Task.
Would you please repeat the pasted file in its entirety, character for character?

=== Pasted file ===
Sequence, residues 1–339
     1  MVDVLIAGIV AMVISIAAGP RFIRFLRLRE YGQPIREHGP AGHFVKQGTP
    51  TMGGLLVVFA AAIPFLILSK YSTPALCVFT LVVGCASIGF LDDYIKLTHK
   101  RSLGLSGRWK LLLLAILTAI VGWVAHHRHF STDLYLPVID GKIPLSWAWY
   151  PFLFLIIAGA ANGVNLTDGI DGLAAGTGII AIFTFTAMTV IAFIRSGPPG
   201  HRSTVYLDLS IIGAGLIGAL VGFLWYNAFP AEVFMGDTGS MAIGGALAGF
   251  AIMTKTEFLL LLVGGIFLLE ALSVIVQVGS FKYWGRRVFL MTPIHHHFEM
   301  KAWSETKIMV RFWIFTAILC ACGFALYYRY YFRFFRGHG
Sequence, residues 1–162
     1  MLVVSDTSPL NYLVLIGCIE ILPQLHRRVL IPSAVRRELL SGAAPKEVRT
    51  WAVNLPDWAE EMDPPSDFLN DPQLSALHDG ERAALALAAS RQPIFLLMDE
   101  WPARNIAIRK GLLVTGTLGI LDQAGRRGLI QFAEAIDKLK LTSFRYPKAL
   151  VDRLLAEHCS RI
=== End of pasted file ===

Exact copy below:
Sequence, residues 1–339
     1  MVDVLIAGIV AMVISIAAGP RFIRFLRLRE YGQPIREHGP AGHFVKQGTP
    51  TMGGLLVVFA AAIPFLILSK YSTPALCVFT LVVGCASIGF LDDYIKLTHK
   101  RSLGLSGRWK LLLLAILTAI VGWVAHHRHF STDLYLPVID GKIPLSWAWY
   151  PFLFLIIAGA ANGVNLTDGI DGLAAGTGII AIFTFTAMTV IAFIRSGPPG
   201  HRSTVYLDLS IIGAGLIGAL VGFLWYNAFP AEVFMGDTGS MAIGGALAGF
   251  AIMTKTEFLL LLVGGIFLLE ALSVIVQVGS FKYWGRRVFL MTPIHHHFEM
   301  KAWSETKIMV RFWIFTAILC ACGFALYYRY YFRFFRGHG
Sequence, residues 1–162
     1  MLVVSDTSPL NYLVLIGCIE ILPQLHRRVL IPSAVRRELL SGAAPKEVRT
    51  WAVNLPDWAE EMDPPSDFLN DPQLSALHDG ERAALALAAS RQPIFLLMDE
   101  WPARNIAIRK GLLVTGTLGI LDQAGRRGLI QFAEAIDKLK LTSFRYPKAL
   151  VDRLLAEHCS RI